GENESIS: The great thing about camera ads is they can prove their own claims—if you use the actual camera you're selling to produce the creative. For example, to show off a still camera, you can photograph the print ads with it. Same with a video camera—make a film with it, and the footage will be its own best indicator of the device's quality. To launch its D4 professional-grade DSLR, Nikon asked photographer Corey Rich to use the camera to shoot video and stills—all of his own choosing. "They said, 'It's a blank canvas, and it's up to you to fill it,'" Rich recalls. In the end, working with agency K+L in Tokyo, he filmed three of the world's top adventure athletes in their element, from Moab to Mexico, for a gorgeous mini-documentary that asks what drives these fringe sports devotees— and lets the camera do its thing.
COPYWRITING: Rich got three of his favorite athletes on board: kayaker Dane Jackson, mountain biker Rebecca Rusch and rock climber Alex Honnold. There were no storyboards or sketches. The crew simply arrived at each location and improvised. To create the narrative, Rich asked each athlete 20 identical questions. "The idea is, there will be some similarities in their responses," Rich says. "So, in postproduction, you can group thought processes together and move the narrative forward."
ART DIRECTION: The film has three different looks based on each location: Jackson was filmed in Mexico; Rusch in Moab, Utah; and Honnold at Joshua Tree National Park in California. Rich shot most of the action sequences early and late in the day, when the light best captured the beauty of the landscapes, and shot the interviews in the middle of the day, when the light was harshest. "Adventure sports are all about engaging with what Mother Nature has to offer," says Rich. So, too, is the making of an adventure-sports ad.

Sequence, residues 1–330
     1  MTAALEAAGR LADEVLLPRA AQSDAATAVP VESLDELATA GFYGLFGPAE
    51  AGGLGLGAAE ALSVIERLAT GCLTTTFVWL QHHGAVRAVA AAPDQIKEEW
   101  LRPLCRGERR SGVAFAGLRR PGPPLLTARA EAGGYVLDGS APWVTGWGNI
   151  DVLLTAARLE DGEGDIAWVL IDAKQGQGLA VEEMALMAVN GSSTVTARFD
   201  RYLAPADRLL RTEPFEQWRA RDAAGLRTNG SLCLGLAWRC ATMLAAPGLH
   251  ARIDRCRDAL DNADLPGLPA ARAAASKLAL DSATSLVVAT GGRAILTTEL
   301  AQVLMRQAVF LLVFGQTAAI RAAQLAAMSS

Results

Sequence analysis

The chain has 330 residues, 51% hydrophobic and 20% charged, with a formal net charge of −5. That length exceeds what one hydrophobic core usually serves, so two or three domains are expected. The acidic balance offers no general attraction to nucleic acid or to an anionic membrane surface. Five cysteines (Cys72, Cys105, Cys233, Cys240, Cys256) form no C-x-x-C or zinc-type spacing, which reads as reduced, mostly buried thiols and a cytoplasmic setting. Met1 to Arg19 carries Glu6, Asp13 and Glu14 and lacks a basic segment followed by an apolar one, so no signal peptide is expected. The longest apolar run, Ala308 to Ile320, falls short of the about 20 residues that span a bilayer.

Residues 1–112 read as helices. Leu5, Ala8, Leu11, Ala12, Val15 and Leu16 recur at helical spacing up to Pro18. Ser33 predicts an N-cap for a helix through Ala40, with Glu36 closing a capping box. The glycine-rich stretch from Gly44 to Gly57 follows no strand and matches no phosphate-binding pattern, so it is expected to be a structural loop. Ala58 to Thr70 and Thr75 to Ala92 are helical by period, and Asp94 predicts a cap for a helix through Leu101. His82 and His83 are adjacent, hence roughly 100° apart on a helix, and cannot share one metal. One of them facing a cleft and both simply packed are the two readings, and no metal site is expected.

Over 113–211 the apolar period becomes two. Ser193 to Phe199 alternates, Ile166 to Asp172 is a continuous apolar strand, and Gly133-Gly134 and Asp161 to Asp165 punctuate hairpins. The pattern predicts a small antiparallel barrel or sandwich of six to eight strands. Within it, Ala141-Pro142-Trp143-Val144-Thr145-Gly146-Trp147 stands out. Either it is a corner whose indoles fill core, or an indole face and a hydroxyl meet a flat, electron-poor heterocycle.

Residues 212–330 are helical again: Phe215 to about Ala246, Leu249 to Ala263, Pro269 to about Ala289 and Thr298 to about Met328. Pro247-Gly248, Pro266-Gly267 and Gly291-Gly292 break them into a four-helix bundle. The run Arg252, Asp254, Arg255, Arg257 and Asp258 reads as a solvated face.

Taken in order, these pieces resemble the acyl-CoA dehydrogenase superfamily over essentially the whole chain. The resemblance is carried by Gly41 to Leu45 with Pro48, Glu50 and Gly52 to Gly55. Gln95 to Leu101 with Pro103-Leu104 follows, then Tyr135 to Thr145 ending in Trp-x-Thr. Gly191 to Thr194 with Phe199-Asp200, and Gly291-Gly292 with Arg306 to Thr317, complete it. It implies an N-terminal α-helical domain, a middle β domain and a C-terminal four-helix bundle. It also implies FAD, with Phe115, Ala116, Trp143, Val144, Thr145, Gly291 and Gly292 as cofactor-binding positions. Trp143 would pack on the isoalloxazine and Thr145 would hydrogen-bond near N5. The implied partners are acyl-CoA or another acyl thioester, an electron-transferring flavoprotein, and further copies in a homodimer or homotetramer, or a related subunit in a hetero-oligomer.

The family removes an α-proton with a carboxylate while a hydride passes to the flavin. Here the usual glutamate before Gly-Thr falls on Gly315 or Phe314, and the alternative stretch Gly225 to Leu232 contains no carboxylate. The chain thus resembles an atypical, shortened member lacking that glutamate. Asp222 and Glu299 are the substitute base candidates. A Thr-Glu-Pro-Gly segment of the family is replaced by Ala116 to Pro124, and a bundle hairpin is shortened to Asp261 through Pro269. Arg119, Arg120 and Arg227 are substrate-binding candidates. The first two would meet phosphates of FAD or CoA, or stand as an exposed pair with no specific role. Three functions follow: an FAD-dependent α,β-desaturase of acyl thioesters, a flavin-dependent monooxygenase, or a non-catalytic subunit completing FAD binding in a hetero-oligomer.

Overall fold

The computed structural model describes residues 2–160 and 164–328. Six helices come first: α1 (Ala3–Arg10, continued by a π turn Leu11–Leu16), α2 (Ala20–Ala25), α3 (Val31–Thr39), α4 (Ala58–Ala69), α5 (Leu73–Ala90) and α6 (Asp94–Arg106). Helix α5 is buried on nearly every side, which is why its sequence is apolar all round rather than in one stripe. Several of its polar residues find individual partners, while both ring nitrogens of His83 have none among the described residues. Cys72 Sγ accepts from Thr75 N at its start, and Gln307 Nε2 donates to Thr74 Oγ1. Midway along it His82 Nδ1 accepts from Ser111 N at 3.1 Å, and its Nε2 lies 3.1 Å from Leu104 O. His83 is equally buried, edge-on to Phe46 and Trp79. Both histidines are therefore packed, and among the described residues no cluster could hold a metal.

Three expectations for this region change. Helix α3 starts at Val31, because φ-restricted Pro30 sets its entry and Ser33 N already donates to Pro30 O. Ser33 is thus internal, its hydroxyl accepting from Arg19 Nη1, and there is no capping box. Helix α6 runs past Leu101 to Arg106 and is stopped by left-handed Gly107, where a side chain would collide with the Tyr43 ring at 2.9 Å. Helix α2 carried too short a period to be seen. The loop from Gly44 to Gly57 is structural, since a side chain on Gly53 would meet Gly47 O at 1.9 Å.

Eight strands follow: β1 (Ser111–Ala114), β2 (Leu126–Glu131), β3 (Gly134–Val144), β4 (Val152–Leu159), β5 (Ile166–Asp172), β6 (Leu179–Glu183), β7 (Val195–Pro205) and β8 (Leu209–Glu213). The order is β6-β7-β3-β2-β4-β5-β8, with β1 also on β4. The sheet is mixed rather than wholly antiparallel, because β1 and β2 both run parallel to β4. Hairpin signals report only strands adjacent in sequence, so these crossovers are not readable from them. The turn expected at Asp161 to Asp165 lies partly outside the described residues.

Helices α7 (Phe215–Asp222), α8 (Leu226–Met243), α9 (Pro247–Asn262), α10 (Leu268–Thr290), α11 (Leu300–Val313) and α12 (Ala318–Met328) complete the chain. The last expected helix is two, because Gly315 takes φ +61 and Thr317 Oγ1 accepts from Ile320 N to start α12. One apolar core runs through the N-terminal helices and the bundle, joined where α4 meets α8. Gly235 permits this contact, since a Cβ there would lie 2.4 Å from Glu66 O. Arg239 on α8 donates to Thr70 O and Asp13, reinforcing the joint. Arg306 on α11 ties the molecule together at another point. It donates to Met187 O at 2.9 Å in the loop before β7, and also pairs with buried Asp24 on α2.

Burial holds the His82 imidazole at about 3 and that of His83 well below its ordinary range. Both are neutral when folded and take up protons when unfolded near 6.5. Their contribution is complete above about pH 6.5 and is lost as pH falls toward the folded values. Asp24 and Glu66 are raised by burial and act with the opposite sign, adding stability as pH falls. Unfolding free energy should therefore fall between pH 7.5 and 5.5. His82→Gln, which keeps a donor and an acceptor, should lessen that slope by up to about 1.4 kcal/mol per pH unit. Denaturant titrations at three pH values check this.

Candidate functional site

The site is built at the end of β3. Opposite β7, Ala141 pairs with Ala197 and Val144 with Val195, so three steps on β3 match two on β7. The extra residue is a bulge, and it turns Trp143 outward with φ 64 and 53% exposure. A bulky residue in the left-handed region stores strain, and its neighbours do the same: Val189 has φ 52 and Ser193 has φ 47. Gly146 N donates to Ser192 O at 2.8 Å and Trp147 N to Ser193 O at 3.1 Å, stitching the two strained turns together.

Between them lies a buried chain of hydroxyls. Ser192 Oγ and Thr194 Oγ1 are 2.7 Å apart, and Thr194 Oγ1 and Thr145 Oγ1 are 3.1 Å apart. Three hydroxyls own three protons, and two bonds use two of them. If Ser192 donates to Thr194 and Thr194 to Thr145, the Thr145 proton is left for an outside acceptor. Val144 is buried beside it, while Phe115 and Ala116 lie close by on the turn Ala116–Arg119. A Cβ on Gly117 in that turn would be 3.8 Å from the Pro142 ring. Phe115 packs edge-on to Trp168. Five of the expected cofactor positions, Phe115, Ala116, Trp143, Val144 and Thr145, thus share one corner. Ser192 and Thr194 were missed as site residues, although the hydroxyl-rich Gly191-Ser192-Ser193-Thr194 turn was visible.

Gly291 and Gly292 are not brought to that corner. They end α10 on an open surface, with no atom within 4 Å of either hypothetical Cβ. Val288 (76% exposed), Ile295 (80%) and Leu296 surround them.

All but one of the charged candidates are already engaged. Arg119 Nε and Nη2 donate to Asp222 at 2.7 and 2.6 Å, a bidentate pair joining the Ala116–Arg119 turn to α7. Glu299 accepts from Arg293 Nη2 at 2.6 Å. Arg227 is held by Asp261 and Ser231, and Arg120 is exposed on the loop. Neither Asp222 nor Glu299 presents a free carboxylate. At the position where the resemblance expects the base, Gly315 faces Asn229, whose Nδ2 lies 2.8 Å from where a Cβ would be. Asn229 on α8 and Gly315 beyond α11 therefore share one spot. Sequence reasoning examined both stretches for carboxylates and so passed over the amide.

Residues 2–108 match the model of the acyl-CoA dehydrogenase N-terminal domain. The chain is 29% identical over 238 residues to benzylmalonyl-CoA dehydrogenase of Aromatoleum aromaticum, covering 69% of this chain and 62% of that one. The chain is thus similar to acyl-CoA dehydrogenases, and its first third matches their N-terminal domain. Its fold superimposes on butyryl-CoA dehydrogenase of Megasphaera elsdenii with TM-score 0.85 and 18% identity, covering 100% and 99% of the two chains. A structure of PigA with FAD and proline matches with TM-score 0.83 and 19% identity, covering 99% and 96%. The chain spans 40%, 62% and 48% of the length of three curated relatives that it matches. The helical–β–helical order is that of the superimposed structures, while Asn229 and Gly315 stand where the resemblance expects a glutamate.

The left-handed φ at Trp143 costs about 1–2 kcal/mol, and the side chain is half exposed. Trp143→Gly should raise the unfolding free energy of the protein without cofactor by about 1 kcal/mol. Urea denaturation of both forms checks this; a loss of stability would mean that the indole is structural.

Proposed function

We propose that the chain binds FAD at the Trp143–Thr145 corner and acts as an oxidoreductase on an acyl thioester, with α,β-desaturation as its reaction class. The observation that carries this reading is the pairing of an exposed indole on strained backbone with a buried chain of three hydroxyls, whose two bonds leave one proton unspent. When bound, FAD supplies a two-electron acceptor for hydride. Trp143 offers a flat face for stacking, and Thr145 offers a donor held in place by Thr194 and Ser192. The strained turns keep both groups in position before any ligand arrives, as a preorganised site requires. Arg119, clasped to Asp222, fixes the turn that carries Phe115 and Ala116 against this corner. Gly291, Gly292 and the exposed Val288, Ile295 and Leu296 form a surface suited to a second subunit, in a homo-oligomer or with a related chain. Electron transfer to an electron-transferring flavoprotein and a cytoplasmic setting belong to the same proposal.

FILMING: The crew spent one day scouting and two days shooting at each location in November. Rich used all kinds of gear to get unique angles. "That's really the goal—to see your subject in a new way and share new and interesting imagery," he says. The biggest investment was a radio-controlled octocopter (an eight-bladed helicopter), which was used at all three shoots—although the pilot did manage to crash it in Mexico, with one of only 10 prototypes of the D4 then in existence mounted on it. Rich recalls: "He lost control and had to decide, 'Do I crash it in the river and ruin the camera, or make a quick turn and ditch it in the jungle?' " In the end, he crashed it in the jungle, the camera survived, and the copter was repaired and able to fly again.
TALENT: The athletes aren't just posing in the film. Jackson's plunge down a 60-foot waterfall was one of the biggest drops of his life. And Honnold, a free solo climber (he doesn't use a rope), made news with his ascent of Joshua Tree's Equinox rock, classified as a difficult 5.12c in rock-climbing terminology. "It's not every day that a guy goes out and climbs a 5.12c, where death is an option if he happened to fall up high," says Rich. "There was tremendous pressure that we had to nail it."
SOUND: Rich initially had a lot of natural sound in the mix, but muted it to focus on what the athletes were saying. He used three music tracks: "Smolder" by Count de Money, "Futures Now" by Oliver Renoir and "Stay Crunchy" by Ronald Jenkees. He found the first two in a database and licensed the last one.
MEDIA: Vimeo, YouTube and on Nikon's website.
Agency: K+L, Tokyo
Director: Corey Rich
Editor: Dane Henry
Talent: Dane Jackson, Rebecca Rusch, Alex Honnold
See the full credits at the end of the video.